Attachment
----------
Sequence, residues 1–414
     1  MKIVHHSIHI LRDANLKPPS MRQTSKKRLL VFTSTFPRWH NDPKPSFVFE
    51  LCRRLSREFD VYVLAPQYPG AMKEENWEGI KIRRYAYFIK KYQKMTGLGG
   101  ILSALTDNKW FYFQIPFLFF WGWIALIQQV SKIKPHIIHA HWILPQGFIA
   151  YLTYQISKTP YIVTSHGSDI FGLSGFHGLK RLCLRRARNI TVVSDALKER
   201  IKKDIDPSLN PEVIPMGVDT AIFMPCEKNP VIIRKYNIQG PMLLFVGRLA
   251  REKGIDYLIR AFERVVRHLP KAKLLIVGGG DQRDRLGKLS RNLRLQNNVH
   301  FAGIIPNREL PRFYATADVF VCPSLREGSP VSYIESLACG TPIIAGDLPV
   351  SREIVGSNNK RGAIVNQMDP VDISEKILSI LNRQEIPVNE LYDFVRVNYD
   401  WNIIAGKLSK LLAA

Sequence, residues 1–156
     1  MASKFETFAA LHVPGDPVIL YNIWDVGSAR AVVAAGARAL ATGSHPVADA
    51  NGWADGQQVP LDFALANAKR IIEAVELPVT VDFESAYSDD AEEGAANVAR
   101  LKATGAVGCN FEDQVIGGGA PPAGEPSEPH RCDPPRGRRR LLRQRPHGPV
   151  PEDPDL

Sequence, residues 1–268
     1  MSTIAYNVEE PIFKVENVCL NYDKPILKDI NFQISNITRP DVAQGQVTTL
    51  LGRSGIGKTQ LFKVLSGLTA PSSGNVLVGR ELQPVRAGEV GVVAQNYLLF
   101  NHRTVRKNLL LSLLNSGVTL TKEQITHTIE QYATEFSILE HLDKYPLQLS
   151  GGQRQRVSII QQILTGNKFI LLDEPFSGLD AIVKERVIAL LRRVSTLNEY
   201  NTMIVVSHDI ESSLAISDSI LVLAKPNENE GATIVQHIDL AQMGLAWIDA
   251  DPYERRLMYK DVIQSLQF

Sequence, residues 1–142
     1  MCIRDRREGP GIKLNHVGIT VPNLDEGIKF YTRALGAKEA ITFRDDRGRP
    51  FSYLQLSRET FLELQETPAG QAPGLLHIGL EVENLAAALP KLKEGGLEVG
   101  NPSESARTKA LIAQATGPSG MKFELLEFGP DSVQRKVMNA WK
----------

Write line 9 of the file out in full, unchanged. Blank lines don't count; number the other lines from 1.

   351  SREIVGSNNK RGAIVNQMDP VDISEKILSI LNRQEIPVNE LYDFVRVNYD